5
Idaho National Laboratory

The U.S. Department of Energy’s (DOE’s) Office of Nuclear Energy (NE) is the lead program secretarial office (PSO) for the Idaho National Laboratory (INL), and as such, a significant part of DOE’s management responsibility and budget is devoted to INL. In FY 2006, for example, the Idaho Facilities Management budget of $99 million accounted for about 19 percent of the total NE budget. The PSO responsibility will continue to be a major one for NE, since to achieve the mission assigned to it by DOE, INL, as a large and aging facility, requires repair and maintenance as well as investment in new capabilities to support the NE program. INL and NE have developed the Ten-Year Site Plan (DOE, 2006a) to guide management of the site facilities to deal with these issues. This chapter presents the committee’s conclusions and recommendations regarding the site plan and NE’s management of this important asset. The chapter begins with a brief background on the INL and the site and a more detailed discussion of the issues facing the laboratory.

BACKGROUND

The Idaho site was established as a center of nuclear energy research in 1950, when the U.S. Atomic Energy Commission, the predecessor of DOE, obtained land from the U.S. Navy to establish the National Reactor Testing Station. Later, lands were added for use in developing and testing nuclear reactors and related facilities. The site became the first location at which nuclear reactors were built to test the concept of nuclear power as a source of energy for peaceful commercial applications. In 1951, the INL achieved one of the most significant scientific accomplishments of the century—the first use of nuclear fission to produce a usable quantity of electricity at the Experimental Breeder No. 1 (EBR-1). The EBR-1 is now a registered national historical landmark open to the public. In its 57-year history, scientists and engineers at the site designed, constructed, and operated 52 nuclear reactors.

During the 1970s, the site began a succession of changes in mission and program. In 1974 its name changed from the National Reactor Testing Station to the Idaho National Engineering Laboratory (INEL) to reflect its broadened mission into areas like biotechnology, energy and materials research, and conservation and renewable energy. The site name changed again in the spring of 1997 to the Idaho National Engineering and Environmental Laboratory (INEEL), reflecting a major refocusing of the laboratory’s work over the long term to engineering applications and environmental solutions for the United States. Thereafter, the site experienced declining support, and much of the activity was directed toward decontamination and disposal of its aging facilities. In July 2002, however, sponsorship of the site was formally transferred to DOE’s Office of Nuclear Energy, Science and Technology, which became today’s NE. The move to NE supports the nation’s expanding nuclear energy initiatives, placing INL at the center of work to develop advanced Generation IV nuclear energy systems; nuclear energy/hydrogen coproduction technology; advanced nuclear energy fuel cycle technologies; and solutions to the Department of Homeland Security’s need for a secure national infrastructure. Finally, on February 1, 2005, the site became INL. This change reflects a move back to the laboratory’s historic roots in nuclear energy and national security. The vision for INL is to transform its assets and capabilities to become the world’s preeminent laboratory for nuclear energy research, development, and demonstration (RD&D) within 10 years.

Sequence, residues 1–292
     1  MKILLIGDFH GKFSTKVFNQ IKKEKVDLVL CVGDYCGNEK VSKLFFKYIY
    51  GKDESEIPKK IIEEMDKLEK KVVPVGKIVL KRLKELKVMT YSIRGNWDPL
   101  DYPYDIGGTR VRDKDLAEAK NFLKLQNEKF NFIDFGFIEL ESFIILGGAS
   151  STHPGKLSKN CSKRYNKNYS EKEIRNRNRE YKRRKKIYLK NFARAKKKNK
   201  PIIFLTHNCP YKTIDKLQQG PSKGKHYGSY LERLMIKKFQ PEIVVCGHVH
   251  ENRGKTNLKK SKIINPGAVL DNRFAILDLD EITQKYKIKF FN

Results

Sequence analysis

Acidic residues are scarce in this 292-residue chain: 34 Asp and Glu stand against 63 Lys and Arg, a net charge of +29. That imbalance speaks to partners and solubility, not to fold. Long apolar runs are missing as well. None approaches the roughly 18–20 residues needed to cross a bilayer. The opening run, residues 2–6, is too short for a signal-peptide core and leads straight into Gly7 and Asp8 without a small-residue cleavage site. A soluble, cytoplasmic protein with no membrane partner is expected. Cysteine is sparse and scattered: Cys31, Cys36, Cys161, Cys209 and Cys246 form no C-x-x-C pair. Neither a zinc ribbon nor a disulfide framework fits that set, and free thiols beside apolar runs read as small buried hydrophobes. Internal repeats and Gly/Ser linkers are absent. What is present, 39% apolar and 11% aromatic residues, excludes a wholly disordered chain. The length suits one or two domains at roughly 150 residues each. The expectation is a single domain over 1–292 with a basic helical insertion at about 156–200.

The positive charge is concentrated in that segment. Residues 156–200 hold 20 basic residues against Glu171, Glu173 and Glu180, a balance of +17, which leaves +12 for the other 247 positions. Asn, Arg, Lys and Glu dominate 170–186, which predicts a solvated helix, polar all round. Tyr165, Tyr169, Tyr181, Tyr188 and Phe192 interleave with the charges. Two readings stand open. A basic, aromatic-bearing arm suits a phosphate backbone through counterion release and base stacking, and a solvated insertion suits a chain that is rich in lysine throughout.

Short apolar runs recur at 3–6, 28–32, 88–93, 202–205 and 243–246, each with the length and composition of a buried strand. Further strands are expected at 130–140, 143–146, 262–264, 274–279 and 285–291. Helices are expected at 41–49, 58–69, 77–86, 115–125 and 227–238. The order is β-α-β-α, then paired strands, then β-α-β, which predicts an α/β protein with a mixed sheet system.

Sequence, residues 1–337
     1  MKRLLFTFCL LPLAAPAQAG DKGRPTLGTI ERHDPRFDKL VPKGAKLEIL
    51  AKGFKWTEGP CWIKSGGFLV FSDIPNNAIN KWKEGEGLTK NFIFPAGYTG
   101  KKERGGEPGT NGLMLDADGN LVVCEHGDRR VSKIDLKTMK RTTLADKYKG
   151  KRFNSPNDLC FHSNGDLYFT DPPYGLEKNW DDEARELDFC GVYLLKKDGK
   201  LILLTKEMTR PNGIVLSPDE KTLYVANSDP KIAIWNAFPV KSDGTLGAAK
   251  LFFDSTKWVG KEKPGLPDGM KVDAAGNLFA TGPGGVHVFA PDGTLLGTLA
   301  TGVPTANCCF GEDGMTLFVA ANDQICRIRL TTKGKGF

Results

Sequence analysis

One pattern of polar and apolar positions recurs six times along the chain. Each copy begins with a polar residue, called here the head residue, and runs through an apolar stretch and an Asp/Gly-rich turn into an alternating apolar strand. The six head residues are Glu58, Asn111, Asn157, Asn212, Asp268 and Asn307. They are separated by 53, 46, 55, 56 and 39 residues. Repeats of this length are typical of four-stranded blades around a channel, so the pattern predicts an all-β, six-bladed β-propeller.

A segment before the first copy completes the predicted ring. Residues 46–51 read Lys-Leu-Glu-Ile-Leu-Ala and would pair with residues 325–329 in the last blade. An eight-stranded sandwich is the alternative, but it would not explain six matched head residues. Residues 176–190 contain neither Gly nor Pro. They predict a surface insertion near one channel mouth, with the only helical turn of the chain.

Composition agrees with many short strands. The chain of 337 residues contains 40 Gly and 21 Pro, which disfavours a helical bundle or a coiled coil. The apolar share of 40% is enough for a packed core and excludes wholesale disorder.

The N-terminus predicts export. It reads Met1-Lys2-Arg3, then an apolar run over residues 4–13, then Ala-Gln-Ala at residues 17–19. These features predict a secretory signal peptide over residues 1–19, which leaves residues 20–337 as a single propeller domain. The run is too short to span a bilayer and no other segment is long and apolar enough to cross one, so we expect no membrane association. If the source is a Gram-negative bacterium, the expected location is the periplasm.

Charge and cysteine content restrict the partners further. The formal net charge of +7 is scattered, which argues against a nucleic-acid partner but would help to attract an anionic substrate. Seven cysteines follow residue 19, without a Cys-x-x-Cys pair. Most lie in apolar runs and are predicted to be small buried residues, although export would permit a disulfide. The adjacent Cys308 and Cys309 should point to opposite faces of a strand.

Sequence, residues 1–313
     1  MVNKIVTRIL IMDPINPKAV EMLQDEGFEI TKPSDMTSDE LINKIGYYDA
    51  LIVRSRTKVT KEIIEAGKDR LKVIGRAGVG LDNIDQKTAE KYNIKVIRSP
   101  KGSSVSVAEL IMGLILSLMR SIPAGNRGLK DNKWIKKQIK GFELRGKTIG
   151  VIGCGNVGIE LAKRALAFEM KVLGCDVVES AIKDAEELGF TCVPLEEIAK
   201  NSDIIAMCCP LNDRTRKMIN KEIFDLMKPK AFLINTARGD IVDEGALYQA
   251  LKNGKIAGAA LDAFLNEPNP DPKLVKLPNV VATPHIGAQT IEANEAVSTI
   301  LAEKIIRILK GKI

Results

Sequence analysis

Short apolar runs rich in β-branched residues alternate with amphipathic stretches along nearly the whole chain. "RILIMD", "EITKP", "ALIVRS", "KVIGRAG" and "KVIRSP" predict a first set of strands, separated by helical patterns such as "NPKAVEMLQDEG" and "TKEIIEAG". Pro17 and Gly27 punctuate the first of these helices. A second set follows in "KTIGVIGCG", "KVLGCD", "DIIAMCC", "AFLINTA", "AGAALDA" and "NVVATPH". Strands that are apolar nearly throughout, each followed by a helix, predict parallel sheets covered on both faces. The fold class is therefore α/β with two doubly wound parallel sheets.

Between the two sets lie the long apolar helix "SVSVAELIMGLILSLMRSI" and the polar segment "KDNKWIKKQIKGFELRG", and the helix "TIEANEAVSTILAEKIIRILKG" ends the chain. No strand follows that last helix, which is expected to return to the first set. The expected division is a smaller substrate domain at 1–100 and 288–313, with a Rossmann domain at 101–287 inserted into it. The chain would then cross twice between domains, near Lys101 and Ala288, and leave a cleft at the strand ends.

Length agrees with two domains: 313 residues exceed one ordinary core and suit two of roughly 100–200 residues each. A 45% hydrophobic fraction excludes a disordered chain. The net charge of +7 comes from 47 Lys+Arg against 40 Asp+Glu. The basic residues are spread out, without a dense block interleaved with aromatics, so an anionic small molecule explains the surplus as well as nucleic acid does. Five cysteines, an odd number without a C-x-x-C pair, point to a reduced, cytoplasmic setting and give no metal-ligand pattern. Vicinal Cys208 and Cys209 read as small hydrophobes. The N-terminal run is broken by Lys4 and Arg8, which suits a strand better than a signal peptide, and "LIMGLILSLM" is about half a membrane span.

INL is operated by the Battelle Energy Alliance, LLC (BEA), which consists of Battelle; BWX Technologies, Inc.; Washington Group International; the Electric Power Research Institute; and an alliance of university collaborators, led by the Massachusetts Institute of Technology.

FACILITY ISSUES AT INL

The INL site presents two challenges in the management of its physical facilities: (1) new or rejuvenated facilities are required to support the new mission and vision for the labora-